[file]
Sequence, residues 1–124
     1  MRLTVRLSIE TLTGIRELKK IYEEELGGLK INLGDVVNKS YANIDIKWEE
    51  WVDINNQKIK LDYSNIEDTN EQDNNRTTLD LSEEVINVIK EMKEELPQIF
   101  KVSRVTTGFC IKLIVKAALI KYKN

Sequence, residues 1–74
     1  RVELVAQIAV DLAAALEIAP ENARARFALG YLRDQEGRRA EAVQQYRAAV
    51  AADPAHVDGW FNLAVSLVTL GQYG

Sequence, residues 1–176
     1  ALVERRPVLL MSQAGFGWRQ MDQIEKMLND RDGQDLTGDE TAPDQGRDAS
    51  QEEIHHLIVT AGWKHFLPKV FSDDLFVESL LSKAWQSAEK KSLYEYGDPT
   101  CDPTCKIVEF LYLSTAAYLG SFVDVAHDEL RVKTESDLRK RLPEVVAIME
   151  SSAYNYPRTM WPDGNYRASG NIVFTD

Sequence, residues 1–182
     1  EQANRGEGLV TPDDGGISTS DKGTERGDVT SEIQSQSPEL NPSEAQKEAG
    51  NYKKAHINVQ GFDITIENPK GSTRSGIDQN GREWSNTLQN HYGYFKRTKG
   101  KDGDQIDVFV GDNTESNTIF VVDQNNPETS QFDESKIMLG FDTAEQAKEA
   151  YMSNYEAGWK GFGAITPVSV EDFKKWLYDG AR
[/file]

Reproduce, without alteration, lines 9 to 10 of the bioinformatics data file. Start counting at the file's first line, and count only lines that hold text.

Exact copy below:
     1  ALVERRPVLL MSQAGFGWRQ MDQIEKMLND RDGQDLTGDE TAPDQGRDAS
    51  QEEIHHLIVT AGWKHFLPKV FSDDLFVESL LSKAWQSAEK KSLYEYGDPT